12 Ways of Christmas: #9 ‘How the Grinch Stole Christmas’

Screen shot 2012-12-24 at 3.00.01 PM

Welcome to The Twelve Ways of Christmas, where we discuss holiday films you’ve already seen or never plan on watching. 

Why not, right? Every other damn movie site’s doing it, and since when is giving in to peer pressure a bad thing? With little rhyme or reason, check in every day from now until The Day That Must Not Be Named for a new entry. And Happy Kwanzaa.

As unnecessary as “realized” versions of animated classics seem to be — Adventures of Pinocchio, Snow White (or Mirror Mirror), Maleficent — Ron Howard deserves some credit for the sheer imagination he injects into his 2000 live-action adaptation of Dr. Seuss’ How the Grinch Stole Christmas. Not only does Howard flesh out the denizens of Whoville with their elaborate wiry hairdos and puckered noses, but he, along with writers Peter S. Seaman and Jeffrey Price, try to bulk up the original story with biographical information and a dearth of secondary characters.

The story, in its original form, had a primary concern with the Grinch himself, here by man of 1000 faces, Jim Carrey. One might argue that the green-haired curmudgeon’s dog Max is the second most prominent. The Grinch attempts to fatten a very time-honored and lean narrative is a noble cause, but the “new” material clashes with the story we’re all familiar with. Howard presents a strange backstory, explaining how the Grinch got to be… well, the Grinch in the first place.

In addition to upping the presence of Christmas catalyst Cindy Lou Who (Taylor Momsen), the film also devotes time to her two bumbling parents, as well as a so-very-weird love triangle between Whoville Mayor Augustus May Who (Jeffrey Tambor) and Christine Baranski. In Seuss’ original (and the excellent 1966 televised cartoon) the Grinch’s Who-manization comes at the end, when the denizens of Whoville show they don’t need the material wealth to celebrate Christmas. The extra biographical bits attempt to add nuance to our one-note curmudgeon; they end up as nothing more than green fluff.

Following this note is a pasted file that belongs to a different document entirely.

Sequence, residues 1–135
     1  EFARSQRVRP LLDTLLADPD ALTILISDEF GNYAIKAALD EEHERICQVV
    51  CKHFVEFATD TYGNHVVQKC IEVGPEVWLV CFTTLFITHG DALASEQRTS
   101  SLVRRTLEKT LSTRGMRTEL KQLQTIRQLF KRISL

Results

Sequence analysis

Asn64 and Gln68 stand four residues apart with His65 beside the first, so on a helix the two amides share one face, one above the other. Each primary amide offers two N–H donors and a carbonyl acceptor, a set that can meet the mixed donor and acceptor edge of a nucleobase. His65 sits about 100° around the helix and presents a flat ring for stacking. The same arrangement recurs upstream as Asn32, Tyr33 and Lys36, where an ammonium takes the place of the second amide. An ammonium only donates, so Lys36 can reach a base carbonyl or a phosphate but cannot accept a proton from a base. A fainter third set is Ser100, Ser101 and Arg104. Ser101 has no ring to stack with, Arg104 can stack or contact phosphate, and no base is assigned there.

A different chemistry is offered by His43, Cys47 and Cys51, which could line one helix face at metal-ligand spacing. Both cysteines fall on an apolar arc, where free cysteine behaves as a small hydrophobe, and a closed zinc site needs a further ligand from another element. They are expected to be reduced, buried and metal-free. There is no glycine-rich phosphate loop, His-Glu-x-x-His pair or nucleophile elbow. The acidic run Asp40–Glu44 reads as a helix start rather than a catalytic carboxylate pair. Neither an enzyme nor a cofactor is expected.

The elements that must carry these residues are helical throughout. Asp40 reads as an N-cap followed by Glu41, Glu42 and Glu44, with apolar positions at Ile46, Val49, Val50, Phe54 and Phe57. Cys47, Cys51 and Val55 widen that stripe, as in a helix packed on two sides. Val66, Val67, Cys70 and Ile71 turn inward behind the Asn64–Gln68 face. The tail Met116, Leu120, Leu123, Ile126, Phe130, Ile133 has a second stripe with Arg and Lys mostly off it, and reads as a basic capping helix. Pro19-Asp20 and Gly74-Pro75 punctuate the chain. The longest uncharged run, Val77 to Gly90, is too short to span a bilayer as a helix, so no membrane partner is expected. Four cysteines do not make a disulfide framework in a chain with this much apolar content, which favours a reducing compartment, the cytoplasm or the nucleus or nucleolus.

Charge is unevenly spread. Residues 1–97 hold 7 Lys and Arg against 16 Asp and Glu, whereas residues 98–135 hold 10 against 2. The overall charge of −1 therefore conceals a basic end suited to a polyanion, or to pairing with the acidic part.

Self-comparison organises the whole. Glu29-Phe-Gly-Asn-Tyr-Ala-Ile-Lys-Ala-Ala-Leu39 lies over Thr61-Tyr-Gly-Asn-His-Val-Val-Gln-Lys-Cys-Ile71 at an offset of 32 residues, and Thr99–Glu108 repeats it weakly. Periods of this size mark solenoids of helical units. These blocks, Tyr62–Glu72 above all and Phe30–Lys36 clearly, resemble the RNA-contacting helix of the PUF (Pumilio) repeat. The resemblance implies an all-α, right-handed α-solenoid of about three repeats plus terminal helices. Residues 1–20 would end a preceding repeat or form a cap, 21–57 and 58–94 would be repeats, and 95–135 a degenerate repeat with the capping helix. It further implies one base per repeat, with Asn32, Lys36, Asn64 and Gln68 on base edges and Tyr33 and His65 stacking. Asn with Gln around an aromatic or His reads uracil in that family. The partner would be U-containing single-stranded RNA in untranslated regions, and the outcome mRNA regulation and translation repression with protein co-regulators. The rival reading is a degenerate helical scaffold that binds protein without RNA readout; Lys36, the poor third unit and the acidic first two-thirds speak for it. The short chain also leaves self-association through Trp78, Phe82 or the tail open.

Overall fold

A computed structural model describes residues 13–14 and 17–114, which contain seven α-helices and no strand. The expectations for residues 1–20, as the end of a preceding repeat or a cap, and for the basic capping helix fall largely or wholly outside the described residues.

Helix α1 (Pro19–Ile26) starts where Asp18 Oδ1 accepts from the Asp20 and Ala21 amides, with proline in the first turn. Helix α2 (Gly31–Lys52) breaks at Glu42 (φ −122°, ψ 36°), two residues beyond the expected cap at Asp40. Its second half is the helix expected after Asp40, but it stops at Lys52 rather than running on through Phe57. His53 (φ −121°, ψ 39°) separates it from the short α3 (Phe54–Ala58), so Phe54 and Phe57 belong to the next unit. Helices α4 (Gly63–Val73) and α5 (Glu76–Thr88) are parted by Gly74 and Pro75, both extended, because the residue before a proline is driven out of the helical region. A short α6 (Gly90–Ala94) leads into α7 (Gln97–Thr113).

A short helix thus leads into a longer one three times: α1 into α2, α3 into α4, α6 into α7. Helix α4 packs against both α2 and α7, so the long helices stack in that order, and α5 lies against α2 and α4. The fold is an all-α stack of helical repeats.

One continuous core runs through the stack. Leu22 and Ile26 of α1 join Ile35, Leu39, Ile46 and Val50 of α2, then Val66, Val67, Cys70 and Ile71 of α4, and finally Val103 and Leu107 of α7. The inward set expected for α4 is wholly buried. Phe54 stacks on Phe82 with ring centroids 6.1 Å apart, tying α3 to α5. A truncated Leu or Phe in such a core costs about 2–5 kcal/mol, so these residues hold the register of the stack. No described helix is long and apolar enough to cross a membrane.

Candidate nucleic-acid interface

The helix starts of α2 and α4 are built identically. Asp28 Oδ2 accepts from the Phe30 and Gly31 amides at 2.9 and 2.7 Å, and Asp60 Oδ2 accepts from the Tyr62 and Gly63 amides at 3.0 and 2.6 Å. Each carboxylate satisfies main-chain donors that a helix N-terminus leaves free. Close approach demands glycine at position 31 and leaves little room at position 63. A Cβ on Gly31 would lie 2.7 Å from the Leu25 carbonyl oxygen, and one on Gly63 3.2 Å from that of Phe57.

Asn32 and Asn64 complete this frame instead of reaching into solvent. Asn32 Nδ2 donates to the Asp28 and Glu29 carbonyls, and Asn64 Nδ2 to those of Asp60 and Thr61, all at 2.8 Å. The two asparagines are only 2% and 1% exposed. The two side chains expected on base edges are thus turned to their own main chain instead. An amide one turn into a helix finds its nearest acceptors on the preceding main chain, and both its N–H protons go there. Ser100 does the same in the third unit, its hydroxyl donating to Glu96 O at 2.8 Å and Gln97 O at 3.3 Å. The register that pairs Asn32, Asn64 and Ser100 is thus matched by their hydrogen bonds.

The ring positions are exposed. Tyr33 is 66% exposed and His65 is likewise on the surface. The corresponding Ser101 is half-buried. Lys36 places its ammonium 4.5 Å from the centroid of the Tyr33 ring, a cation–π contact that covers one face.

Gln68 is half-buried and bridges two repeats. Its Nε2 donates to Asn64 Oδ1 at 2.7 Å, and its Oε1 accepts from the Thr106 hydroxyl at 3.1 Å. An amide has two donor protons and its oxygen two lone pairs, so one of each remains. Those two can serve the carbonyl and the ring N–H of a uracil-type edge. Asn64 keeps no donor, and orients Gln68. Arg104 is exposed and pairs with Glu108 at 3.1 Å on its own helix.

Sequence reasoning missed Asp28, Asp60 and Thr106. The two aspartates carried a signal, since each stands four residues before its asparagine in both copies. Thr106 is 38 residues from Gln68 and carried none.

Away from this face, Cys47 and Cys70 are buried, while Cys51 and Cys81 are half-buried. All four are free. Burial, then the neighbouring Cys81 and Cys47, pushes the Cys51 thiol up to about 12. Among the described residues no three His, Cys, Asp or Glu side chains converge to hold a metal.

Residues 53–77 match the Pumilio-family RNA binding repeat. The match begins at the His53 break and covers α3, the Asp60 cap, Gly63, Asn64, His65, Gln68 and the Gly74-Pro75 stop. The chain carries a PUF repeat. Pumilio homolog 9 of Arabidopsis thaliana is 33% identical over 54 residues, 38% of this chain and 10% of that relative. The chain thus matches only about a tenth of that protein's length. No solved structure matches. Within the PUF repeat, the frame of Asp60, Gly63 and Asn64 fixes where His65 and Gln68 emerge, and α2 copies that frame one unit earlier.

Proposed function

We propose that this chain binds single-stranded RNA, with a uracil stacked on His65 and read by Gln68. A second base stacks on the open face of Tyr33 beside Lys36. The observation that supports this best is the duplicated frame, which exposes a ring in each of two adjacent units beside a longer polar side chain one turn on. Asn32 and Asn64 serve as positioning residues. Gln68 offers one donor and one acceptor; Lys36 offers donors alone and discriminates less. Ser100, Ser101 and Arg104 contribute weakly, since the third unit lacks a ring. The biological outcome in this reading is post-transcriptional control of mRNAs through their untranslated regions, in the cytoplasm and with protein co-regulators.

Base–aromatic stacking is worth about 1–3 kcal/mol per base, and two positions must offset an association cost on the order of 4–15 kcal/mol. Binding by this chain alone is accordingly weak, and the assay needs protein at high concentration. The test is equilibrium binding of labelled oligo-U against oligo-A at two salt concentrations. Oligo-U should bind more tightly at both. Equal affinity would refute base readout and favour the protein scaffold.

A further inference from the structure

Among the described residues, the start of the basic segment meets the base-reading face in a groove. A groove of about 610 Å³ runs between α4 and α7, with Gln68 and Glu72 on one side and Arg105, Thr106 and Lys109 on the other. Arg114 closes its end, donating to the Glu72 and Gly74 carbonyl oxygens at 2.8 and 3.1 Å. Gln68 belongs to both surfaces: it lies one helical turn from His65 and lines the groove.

Carrey might have the only face flexible enough to get anywhere close to the Grinch’s classic grin, and whether his facial structure was exaggerated through some computer wizardry, it remains an impressive blend of makeup and Carrey’s raw talent. His performance on the other hand is puzzling. When Carrey isn’t laying on the melodrama, he garbles quips and insults through his teeth like he’s chewing on concrete in what sounds like a higher-pitched take on Sean Connery’s oft impershonated ackshent. Carrey’s strengths have always been his voice talent and body language, but here it’s too much.

Song numbers feel too polished and while his voice is one-of-a kind, Anthony Hopkins’ narration is more of a distraction than an addition. You hear Hopkins, you think Hopkins, not a tender faceless storyteller. While the camera whizzes about detailed sets with a playfulness that’s appropriate to the source material, Seuss’ tale probably just works best in the pages of a big hardcover collection.

It’s worth noting that Seaman and Price weave in a commentary via Cindy Lou Who’s despondence over holiday commercialism. Ignoring the irony that How the Grinch Stole Christmas remains the second highest grossing Christmas movie of all time, a recurring theme about Whoville weaning itself off the shopping sprees seems hypocritical in light of the ending. Oh, and Carrey’s finger-pointing feels plain wrong. He has no high ground in Seuss’ original, because his plot to steal their holiday presents and trappings misses the larger point about Christmas. Howard and Co. might have made a similar mistake.

Way #1: Christmas Carol: The Movie

Way #2: The Santa Clause

Way #3: Die Hard

Way #4: Bad Santa

Way #5: The Family Man

Ways #6 & #7: Home Alone & Home Alone 2: Lost in New York

Way #8: Black Christmas

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